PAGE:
(Bill Tomson – AgriPulse)
Mexican sugar farmers, U.S. refiners and the U.S. food sector have a lot riding on the current efforts to renegotiate the North American Free Trade Agreement.
The complex arrangement allowing a substantial flow of Mexican sugar into the U.S. market is, at its core, based on an original side deal made when NAFTA was first implemented 24 years ago, but which could fall apart if the trade pact disintegrates, says Jason Hafemeister, USDA’s trade counsel.
U.S. and Mexican industry representatives agree that if the U.S. were to pull out of the massive three-country trade pact that is currently being renegotiated, the flow of Mexican sugar to the U.S. could be severely restricted, cutting off almost all of the Mexican exports that help keep U.S. refiners operating.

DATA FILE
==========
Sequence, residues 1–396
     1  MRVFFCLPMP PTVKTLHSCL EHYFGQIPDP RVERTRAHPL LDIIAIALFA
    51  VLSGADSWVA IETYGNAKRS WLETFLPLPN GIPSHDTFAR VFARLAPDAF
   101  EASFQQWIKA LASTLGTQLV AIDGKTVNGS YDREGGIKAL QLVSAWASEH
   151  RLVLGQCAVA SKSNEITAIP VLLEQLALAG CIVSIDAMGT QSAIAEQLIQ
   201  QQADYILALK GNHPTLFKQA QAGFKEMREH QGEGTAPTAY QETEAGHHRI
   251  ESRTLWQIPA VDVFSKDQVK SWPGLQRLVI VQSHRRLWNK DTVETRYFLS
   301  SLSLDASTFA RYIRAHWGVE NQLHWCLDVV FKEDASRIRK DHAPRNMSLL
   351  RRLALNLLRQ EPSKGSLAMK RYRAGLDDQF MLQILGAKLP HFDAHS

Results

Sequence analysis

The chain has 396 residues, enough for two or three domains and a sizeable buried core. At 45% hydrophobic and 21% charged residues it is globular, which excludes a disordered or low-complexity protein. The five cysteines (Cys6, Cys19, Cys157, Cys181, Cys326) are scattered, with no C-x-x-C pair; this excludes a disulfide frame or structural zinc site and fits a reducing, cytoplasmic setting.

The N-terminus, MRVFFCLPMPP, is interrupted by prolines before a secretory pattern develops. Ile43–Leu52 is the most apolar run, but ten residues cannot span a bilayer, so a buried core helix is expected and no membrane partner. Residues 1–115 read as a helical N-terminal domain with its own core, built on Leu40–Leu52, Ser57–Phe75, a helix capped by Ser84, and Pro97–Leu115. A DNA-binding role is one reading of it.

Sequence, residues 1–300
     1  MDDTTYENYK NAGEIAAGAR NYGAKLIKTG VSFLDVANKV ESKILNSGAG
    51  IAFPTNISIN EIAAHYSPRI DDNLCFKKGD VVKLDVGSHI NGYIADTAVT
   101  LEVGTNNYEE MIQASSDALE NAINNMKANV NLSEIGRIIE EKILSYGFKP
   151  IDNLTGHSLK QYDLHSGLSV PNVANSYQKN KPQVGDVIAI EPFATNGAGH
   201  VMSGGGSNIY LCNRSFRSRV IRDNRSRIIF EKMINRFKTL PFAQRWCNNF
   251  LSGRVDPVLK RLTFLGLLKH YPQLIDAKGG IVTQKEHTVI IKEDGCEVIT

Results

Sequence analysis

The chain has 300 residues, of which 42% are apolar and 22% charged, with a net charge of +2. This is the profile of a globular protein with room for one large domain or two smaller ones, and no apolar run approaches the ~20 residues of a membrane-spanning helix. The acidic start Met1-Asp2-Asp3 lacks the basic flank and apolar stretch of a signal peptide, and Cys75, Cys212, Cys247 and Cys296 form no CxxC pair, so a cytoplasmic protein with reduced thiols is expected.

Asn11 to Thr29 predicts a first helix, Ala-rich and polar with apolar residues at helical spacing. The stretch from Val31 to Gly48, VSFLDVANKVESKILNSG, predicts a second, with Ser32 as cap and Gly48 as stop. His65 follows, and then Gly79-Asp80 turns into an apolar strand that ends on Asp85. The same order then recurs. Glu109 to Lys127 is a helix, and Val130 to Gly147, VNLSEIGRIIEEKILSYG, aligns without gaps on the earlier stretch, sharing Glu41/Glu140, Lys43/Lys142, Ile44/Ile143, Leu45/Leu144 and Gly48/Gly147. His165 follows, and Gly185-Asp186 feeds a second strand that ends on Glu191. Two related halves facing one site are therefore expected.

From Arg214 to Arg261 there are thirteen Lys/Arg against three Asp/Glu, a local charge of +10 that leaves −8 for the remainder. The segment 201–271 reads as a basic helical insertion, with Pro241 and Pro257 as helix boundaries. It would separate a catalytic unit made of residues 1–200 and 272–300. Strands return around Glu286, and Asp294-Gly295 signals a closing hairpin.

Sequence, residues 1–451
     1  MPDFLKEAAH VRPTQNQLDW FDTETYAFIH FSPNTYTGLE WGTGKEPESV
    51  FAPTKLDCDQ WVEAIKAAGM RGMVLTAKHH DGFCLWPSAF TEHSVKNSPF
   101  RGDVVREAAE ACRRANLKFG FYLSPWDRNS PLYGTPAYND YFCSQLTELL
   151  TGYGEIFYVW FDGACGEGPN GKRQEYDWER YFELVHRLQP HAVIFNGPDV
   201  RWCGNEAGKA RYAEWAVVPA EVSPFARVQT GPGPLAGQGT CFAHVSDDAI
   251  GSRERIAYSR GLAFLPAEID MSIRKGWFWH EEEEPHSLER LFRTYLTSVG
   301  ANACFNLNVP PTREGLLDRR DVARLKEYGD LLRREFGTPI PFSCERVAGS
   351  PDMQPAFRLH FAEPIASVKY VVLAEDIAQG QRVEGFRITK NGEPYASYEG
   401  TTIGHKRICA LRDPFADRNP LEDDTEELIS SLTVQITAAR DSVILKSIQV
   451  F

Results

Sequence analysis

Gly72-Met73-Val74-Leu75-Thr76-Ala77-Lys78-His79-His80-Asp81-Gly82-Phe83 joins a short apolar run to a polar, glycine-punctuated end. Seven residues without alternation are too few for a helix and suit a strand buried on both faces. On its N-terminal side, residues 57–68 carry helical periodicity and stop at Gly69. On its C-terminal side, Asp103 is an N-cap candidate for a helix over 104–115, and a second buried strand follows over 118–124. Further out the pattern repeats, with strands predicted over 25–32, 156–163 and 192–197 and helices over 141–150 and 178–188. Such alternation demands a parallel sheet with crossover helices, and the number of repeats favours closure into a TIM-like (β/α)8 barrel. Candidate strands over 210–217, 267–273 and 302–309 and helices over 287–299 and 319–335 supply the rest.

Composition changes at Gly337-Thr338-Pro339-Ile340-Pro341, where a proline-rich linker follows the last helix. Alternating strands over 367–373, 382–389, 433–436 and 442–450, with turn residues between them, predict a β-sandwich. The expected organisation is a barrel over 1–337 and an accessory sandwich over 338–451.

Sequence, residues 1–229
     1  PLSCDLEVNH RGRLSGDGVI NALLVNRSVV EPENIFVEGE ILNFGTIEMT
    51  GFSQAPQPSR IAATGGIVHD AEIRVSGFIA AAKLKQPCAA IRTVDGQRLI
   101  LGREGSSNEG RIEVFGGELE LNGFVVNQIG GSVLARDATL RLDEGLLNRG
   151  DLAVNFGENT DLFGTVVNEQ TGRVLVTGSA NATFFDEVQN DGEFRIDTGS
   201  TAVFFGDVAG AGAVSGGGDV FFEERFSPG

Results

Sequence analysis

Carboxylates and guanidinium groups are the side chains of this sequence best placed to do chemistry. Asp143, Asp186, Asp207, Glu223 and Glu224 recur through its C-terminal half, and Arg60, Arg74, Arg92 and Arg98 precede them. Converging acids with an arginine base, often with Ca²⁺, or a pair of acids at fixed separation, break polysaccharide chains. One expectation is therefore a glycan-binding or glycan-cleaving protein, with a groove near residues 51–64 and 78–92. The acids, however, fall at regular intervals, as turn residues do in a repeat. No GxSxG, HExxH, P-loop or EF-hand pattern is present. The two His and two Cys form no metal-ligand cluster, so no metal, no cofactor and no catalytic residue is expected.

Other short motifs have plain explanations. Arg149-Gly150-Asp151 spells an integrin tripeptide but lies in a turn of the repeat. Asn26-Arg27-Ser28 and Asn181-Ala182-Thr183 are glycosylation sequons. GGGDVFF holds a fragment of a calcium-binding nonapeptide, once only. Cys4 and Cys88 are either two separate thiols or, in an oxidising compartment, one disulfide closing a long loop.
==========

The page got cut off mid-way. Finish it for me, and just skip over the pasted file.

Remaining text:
The result – at least in the short term – would be chaos as Mexico looked for new ways to use the sugar it was accustomed to selling to the U.S. and as the U.S. looked for new foreign supplies to replace imports from Mexico. Click here to read more.
- NAFTA Withdrawal Would Mean 15 Cent Mexican Sugar Tariff (The Fence Post)
- Sugar Industry Fears Proposed NAFTA Change Could Hurt Exports (Western Producer)